Background: We compared the prophylactic efficacy of lithium, carbamazepine, and the combination and identified possible clinical markers of response.
Method: Fifty-two outpatients who met DSM-III-R criteria for bipolar illness were randomly assigned in a double-blind design for an intended 1 year of treatment with lithium or carbamazepine, a crossover to the opposite drug in the second year, and then a third year on the combination. Patients received monthly detailed evaluations, and daily life chart ratings of the degree of functional incapacity associated with mania or depression were completed.
Results: For evaluable patients: 13 (31.0%) of 42 failed to complete a full year of lithium therapy owing to lack of efficacy, and 2 dropped out because of side effects; 13 (37.1%) of 35 withdrew from carbamazepine within the first year owing to lack of efficacy, and 10 dropped out because of side effects (9 of the 10 had a rash); 7 (24.1%) of 29 withdrew from the combination therapy owing to lack of efficacy. The percentage of the evaluable patients who had marked or moderate improvement on the Clinical Global Impressions scale was 33.3% on lithium. 31.4% on carbamazepine, and 55.2% on the combination treatment, which was not significantly different. By a variety of measures, lithium was more effective than carbamazepine in the prophylaxis of mania. Patients with a past history of rapid cycling did poorly on monotherapy (28.0% responded to lithium; 19.0% responded to carbamazepine), but significantly better on the combination (56.3%, p < .05).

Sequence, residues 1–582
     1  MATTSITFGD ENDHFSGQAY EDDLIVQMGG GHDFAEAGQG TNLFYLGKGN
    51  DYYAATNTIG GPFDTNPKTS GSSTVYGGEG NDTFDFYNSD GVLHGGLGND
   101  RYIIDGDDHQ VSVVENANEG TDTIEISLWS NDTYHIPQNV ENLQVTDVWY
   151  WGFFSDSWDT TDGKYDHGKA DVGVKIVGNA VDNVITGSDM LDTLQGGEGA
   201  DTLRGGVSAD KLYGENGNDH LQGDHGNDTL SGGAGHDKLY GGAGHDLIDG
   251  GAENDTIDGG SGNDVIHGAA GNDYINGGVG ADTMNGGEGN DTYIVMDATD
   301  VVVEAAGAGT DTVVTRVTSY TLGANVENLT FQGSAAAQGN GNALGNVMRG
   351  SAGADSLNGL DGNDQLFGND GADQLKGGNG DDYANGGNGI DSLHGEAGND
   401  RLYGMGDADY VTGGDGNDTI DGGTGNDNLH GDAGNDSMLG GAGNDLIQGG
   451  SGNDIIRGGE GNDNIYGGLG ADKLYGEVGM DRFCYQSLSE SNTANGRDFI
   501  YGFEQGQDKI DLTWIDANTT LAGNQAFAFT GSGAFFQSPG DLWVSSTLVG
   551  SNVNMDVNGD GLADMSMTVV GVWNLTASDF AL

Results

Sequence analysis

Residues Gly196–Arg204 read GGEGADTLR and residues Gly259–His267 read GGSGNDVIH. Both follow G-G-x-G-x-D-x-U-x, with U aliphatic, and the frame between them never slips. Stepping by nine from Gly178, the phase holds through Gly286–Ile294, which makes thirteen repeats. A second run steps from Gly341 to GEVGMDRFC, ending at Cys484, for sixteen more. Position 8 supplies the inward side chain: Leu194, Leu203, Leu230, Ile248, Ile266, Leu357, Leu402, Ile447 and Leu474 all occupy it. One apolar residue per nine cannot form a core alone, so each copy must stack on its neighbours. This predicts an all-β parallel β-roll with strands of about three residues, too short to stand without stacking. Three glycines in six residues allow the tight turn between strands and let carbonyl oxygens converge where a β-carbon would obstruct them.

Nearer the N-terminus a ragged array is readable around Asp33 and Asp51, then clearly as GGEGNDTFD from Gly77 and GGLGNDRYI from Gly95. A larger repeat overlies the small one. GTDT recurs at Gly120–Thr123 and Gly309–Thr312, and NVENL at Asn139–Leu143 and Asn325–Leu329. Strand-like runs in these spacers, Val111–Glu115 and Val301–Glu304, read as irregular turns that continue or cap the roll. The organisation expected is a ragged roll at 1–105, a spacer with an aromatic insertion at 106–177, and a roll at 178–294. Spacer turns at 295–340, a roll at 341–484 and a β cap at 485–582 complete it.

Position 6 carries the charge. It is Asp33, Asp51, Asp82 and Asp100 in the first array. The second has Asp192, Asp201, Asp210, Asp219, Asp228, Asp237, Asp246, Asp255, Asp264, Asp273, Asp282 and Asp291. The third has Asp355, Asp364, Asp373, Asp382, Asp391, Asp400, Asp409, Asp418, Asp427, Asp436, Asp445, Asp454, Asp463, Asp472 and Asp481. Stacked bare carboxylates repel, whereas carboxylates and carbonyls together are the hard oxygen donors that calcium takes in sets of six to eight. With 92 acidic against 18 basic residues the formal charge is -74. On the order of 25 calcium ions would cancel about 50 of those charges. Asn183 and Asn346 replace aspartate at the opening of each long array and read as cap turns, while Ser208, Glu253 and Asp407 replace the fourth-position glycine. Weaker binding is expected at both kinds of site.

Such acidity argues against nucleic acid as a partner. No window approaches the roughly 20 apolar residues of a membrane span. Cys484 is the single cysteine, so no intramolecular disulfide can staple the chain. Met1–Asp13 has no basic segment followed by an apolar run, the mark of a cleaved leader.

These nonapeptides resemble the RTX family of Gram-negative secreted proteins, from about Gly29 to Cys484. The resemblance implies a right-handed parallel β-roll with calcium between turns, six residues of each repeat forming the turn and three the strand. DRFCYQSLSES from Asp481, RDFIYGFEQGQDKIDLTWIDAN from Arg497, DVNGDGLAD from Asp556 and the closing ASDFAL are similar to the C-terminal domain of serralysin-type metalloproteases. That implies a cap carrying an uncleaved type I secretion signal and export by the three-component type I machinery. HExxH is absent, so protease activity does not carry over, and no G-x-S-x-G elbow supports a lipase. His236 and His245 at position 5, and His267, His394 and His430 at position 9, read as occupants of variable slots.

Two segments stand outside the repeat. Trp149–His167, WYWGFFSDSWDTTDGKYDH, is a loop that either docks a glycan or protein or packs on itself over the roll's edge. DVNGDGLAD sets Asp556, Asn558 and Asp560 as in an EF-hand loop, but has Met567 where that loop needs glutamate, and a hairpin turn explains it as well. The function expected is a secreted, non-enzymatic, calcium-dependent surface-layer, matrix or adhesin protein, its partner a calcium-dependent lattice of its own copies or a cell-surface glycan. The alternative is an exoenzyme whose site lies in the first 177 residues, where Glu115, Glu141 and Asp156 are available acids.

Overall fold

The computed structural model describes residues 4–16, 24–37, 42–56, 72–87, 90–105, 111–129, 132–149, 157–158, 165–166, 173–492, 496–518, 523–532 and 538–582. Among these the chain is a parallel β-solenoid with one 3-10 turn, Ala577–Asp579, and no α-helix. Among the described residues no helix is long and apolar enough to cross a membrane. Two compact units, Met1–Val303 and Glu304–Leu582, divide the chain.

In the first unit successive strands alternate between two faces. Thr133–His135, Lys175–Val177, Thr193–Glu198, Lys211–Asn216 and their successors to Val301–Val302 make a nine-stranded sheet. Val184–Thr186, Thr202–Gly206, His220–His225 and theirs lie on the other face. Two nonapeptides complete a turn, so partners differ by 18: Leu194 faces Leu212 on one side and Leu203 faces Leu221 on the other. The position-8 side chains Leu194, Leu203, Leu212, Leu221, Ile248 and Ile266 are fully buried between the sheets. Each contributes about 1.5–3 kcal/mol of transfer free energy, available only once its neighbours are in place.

Conclusion: These prospective, randomized data suggest a high incidence of inadequate response to either mood stabilizer or their combination despite use of adjunctive agents as needed. Additional novel treatment regimens are needed to better decrease affective morbidity in large numbers of bipolar outpatients.